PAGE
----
As the wars in Iraq and Afghanistan have dragged on, other purposes have come into play. The greater the sacrifice that has fallen on one small group of people, the members of the military and their families, the more we have gone from supporting our troops to putting them on a pedestal. In the Second World War, everybody fought. Soldiers were not remote figures to most of us; they were us. Now, instead of sharing the burden, we sentimentalize it. It’s a lot easier to idealize the people who are fighting than it is to send your kid to join them. This is also a form of service, I suppose: lip service.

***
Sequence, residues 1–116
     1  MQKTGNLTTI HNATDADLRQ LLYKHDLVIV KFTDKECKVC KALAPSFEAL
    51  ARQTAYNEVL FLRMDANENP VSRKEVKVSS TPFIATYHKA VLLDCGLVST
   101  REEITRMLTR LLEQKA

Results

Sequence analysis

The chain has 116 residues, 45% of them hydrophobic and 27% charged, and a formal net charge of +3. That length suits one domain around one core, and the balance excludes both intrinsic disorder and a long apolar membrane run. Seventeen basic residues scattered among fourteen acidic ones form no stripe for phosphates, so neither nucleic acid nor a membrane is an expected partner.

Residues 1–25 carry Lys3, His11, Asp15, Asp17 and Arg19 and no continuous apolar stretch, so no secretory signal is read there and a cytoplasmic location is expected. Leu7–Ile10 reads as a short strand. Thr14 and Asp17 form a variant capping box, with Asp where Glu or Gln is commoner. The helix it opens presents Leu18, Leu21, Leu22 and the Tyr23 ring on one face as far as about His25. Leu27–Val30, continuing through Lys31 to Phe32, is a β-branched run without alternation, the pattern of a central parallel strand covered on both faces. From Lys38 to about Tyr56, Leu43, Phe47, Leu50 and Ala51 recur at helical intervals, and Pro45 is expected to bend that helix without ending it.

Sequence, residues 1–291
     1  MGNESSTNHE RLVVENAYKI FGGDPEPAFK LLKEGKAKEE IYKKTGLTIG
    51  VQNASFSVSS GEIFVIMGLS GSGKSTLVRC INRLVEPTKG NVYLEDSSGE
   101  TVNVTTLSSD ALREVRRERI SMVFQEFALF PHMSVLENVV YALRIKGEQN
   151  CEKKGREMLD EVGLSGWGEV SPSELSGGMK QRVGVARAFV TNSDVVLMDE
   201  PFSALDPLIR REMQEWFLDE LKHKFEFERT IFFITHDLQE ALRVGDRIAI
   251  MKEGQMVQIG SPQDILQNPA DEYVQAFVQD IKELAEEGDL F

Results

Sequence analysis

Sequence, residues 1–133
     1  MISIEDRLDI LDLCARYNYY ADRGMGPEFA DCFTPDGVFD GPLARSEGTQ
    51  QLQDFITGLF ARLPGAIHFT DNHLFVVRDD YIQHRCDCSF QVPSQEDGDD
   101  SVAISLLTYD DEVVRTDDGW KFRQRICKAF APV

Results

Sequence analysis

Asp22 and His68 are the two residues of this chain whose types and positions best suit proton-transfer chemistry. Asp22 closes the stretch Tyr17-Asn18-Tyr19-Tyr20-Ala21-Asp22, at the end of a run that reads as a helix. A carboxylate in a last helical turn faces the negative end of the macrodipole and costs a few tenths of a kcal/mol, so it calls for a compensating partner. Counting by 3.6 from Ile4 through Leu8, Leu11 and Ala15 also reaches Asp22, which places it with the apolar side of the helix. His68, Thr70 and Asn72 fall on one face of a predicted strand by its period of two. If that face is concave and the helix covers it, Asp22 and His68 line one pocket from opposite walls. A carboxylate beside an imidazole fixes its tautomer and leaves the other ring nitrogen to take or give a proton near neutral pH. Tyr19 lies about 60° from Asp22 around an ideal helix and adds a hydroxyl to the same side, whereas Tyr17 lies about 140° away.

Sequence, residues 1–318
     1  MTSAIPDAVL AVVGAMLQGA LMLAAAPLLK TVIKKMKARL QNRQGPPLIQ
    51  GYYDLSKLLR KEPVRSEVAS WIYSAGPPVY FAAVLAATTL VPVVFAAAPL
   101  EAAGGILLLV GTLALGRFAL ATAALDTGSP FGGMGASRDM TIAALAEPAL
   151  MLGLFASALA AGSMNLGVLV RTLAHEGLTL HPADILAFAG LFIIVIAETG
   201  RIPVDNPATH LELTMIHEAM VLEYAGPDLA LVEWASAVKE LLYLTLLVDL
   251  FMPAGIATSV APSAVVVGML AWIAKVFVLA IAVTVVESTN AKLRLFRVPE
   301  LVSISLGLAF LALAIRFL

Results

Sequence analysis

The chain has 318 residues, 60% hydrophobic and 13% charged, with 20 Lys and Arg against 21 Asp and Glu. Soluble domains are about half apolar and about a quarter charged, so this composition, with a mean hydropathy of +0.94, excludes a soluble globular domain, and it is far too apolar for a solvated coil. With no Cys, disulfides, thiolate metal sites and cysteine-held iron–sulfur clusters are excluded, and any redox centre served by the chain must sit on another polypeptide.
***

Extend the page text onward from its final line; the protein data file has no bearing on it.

— William Deresiewicz in the New York Times, on the regard we have for the military and what it says about our society now.